Of 17 prisoners sentenced to death last year, just three were executed -- suggesting that the government is trying to legally retain the death penalty, but in practice carry out as few executions as possible.
Since taking power in 2000, President Chen Shui-bian (
However, the government has also been criticized for making little effort to educate and persuade the public on the matter.
Additionally, the ministry's polls indicate that opposition to the abolition of the death penalty drops to 40 percent if complementary measures -- such as sentencing limits and a threshold for parole for life imprisonment -- are also taken. But the government and the legislature have failed to get any such amendments approved.
But despite its inability to abolish capital punishment, the ministry has proposed policy goals to reduce the scope of cases in which the death penalty can be applied.
"The Supreme Prosecutor's Office has filed extraordinary appeals to the Supreme Court for prisoners sentenced to death, making every effort to keep them alive," Justice Minister Morley Shih (
"For those whose extraordinary appeals were rejected by the Supreme Court, the MOJ has also delayed their executions," Shih added.
Such appeals and delays explain why only three out of 17 criminals sentenced to death last year were actually executed, Shih said.
The ministry is also considering introducing a bill that would keep criminals given the death sentence under observation in jail for two years, with those who express full remorse for their crimes being eligible for life imprisonment.
By introducing such a law, Taiwan could join other countries which retain the death penalty in law but have virtually abolished it in practice. Many such countries have not carried out executions for years and are believed to have policies or established practice that prevents executions from taking place.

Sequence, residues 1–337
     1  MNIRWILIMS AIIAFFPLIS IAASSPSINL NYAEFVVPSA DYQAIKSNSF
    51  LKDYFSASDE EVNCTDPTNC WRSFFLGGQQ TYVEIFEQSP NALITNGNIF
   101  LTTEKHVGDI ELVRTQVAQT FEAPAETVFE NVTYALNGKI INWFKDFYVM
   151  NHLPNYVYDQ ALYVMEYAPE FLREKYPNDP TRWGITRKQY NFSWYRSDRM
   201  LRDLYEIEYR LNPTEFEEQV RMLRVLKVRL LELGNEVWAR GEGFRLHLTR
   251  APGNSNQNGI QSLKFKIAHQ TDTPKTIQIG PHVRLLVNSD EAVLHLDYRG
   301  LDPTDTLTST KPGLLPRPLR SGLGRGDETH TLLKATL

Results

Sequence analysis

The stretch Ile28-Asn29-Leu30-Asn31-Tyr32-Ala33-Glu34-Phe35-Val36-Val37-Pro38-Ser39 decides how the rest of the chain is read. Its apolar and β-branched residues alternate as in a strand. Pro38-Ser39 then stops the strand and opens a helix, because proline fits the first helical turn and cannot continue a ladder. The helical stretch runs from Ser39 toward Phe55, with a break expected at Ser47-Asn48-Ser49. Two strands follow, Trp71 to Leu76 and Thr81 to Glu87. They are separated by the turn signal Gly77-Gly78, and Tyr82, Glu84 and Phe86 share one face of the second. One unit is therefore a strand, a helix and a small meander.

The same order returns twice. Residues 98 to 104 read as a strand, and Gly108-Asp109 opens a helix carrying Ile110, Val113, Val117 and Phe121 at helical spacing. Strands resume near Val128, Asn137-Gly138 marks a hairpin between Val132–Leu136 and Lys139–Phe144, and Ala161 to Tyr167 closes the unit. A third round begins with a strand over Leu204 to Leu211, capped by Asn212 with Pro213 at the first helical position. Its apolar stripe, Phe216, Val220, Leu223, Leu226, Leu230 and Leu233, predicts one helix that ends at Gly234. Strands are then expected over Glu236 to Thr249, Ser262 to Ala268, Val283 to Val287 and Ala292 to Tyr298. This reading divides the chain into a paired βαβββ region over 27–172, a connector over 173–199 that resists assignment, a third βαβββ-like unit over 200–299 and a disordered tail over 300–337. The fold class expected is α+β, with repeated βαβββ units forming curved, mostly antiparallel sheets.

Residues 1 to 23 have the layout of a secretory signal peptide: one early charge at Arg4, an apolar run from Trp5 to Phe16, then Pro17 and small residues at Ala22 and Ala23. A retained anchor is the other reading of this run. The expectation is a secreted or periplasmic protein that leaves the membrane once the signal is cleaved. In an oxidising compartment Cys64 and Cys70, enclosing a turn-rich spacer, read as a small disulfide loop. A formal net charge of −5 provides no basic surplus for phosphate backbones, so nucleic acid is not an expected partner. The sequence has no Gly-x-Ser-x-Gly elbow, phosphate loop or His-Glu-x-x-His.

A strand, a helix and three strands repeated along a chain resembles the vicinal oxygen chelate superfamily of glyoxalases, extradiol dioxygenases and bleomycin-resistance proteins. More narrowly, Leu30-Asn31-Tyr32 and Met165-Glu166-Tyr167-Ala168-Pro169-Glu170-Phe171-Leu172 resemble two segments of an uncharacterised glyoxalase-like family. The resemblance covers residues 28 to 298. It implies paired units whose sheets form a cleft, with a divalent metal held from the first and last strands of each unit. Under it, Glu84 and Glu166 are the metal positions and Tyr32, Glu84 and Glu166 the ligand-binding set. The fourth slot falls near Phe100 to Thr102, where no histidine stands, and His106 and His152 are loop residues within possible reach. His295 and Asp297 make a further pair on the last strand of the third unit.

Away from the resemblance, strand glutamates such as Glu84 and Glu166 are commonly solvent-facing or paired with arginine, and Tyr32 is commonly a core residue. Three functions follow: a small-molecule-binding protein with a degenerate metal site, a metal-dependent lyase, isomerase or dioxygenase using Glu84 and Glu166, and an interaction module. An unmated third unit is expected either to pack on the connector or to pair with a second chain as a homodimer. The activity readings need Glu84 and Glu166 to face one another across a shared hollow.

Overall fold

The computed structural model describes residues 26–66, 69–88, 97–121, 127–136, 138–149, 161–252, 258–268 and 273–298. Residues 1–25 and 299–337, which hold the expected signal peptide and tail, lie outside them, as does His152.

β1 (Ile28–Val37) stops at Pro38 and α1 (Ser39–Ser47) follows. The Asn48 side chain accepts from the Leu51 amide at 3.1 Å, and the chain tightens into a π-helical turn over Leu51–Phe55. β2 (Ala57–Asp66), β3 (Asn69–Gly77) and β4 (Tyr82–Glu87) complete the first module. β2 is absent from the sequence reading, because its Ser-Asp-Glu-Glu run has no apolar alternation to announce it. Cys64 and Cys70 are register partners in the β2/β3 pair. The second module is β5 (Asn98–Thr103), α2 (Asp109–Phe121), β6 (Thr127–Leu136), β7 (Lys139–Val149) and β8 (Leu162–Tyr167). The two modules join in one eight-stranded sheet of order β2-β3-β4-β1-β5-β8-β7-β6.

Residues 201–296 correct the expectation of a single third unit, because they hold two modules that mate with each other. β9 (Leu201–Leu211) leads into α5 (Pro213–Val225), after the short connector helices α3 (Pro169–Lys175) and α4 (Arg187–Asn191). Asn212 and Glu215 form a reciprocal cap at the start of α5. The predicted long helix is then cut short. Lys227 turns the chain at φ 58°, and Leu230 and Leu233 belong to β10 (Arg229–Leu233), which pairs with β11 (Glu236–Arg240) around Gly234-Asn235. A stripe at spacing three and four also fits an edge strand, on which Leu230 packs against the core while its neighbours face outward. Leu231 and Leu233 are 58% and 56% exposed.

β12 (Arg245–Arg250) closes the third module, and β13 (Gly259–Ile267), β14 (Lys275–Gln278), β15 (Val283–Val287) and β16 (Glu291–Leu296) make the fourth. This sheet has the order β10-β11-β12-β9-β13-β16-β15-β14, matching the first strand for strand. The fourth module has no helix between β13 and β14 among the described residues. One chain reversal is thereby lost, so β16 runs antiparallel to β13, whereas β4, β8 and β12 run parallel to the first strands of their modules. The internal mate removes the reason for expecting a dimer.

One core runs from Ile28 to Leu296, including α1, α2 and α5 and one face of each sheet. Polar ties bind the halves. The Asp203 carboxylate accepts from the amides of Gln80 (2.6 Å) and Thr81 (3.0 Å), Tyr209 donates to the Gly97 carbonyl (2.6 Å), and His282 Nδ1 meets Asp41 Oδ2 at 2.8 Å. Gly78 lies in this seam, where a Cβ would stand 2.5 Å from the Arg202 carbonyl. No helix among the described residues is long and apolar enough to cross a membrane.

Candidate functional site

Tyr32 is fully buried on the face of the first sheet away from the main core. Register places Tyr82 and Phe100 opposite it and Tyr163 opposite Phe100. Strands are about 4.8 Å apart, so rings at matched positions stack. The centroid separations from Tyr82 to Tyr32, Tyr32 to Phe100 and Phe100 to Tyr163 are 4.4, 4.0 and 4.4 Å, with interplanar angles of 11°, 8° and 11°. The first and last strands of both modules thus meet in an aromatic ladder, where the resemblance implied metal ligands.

Shih added that the ministry is drafting amendments to the Criminal Code, which mandates the death penalty for some types of marine piracy. If that part of the law is revised, their would be no mandatory capital sentencing left in the Criminal Code.
Another offense that carried a mandatory death sentence -- kidnap leading to murder -- was amended in 2002 to carry a punishment of life imprisonment.
Despite the ministry's plans, last week it executed to brothers from Kaohsiung, Lin Meng-kai (
The Lin brothers were sentenced to death for cruelly murdering one man and critically injuring the man's brother, both the Lins' neighbors, over a trivial matter four years ago.
"Because the two Lins expressed no remorse during their trials, and even said they would take revenge on the victims' families if they were able to leave jail, the Supreme Court rejected their extraordinary appeal in June and the MOJ could not find other legal avenues of appeal," added Shih.
Last January, the ministry executed Wang Chung-hsing (
According to the ministry's records, the nation's annual number of executions has been decreasing for years. Thirty-two prisoners were executed in 1998, a number that shrank to just ten in 201, and only three each in 2004 and last year.
Shih said that Taiwan might not be able to abolish the death penalty soon, because a majority of the public believes that it deters crime more effectively than other punishments, and that without the death penalty, relatives of the victims of cruel crimes would not be given justice.
According to the global human-rights group Amnesty International, "while a total of 122 countries have abolished the death penalty in law or practice, 74 other countries and territories retain and use the death penalty, but the number of countries which actually execute prisoners in any one year is much smaller."
The organization said that based on publicly-available reports, at least 3,400 people are executed in China each year, but that the true number is thought to be much higher.
In March 2004 a delegate at the National People's Congress said that "nearly 10,000" people are executed every year in China, the organization added.
Agruments for an against the death penalty
*The existence of the death penalty is the only way to truly deter criminals and maintain social order.
*The death penalty is the only way to comfort members of a victim's family and society at large.